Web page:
from The American Heritage® Dictionary of the English Language, 4th Edition
- adj. Relating to the processes of dyeing or coloring.
from Wiktionary, Creative Commons Attribution/Share-Alike License
- adj. Of or relating to tincture (dye or colour)
from the GNU version of the Collaborative International Dictionary of English
- adj. Of or relating to color or colors; imparting a color.
from The Century Dictionary and Cyclopedia
- Pertaining or relating to color or dyeing; producing or imparting color.
Some dyes (of high tinctorial yield) produce a deep shade with a small amount of dye, whilst others
The strengths (or tinctorial yields) of dyestuffs differ and it may cost less to use a smaller amount of a stronger dye to produce the same colour.
Some of them, namely, sculptors 'and potters' forms, are used for shaping the form we have called form C, whereas others, such as the tinctorial and printing forms, give objects color as well as shape, thus producing forms in the meaning of form A. History shows that the importance of form F in art is increasing.
Copper is like a man; it has a soul and a body ... the soul is the most subtile part ... that is to say, the tinctorial spirit.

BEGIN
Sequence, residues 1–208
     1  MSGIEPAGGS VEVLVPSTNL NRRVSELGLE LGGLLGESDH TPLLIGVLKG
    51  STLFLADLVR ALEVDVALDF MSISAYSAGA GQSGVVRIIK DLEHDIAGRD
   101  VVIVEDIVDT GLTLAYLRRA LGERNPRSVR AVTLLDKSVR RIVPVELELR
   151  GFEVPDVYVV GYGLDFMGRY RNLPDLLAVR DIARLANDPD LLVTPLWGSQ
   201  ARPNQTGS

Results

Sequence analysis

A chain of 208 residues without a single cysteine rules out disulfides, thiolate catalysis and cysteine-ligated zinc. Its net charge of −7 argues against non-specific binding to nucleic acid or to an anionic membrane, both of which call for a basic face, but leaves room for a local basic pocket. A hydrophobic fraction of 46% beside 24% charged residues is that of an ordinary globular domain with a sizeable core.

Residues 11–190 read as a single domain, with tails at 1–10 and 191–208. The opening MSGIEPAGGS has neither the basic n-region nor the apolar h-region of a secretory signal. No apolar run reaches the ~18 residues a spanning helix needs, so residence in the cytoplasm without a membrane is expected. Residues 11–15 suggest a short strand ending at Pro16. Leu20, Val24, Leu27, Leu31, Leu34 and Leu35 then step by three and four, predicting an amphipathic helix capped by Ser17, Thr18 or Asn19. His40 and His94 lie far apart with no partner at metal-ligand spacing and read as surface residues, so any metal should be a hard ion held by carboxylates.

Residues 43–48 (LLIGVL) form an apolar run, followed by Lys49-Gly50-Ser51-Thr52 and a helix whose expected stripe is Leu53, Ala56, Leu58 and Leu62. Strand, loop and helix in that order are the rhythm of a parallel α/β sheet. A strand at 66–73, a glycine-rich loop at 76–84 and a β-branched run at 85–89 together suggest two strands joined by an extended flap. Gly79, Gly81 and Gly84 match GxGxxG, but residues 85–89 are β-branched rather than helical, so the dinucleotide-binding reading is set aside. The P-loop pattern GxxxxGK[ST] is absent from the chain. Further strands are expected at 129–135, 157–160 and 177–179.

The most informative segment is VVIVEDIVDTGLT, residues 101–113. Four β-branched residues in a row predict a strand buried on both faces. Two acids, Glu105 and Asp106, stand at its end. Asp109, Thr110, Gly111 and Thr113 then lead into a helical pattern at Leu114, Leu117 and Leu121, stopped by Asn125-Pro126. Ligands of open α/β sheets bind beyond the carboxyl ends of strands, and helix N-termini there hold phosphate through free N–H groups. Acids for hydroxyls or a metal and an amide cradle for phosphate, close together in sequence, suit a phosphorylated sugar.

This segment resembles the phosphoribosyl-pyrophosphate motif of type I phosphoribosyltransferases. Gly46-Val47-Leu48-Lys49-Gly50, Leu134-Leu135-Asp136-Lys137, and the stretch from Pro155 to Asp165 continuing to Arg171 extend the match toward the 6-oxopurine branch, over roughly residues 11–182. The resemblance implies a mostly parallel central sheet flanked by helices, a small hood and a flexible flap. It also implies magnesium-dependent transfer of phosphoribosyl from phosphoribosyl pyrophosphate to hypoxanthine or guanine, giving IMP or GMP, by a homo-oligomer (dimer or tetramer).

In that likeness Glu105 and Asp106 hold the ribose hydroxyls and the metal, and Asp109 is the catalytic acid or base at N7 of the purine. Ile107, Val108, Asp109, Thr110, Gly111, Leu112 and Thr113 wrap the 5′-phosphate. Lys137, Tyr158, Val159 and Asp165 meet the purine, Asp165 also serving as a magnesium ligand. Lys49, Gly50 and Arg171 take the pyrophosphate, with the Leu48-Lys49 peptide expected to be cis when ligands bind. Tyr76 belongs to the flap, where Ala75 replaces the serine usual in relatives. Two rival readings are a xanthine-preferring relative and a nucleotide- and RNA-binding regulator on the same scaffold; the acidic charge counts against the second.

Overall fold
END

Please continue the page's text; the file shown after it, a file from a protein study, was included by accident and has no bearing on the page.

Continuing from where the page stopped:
The formula would also favour the conception of tinctorial properties which could hardly be ascribed to tannin.
If some varieties are missing prepare a second stock dish from other colonies on plate 3, and repeat the process until each morphological form or tinctorial variety has been secured in subculture.
For deep shades Diamine blue B G, is preferable, because of its greater tinctorial power.
Like the "coccus cacti," it is covered with a whitish dust, and yields a tinctorial matter soluble in water and alcohol.
Dr. Lewis was the first to advocate logwood as a tinctorial agent in connection with iron and gall compositions.
These plants, growing abundantly in the Confederate States, and belonging to the madder tribe, should be experimented with for tinctorial purposes.
Resources of the Southern Fields and Forests, Medical, Economical, and Agricultural. Being also a Medical Botany of the Confederate States; with Practical Information on the Useful Properties of the Trees, Plants, and Shrubs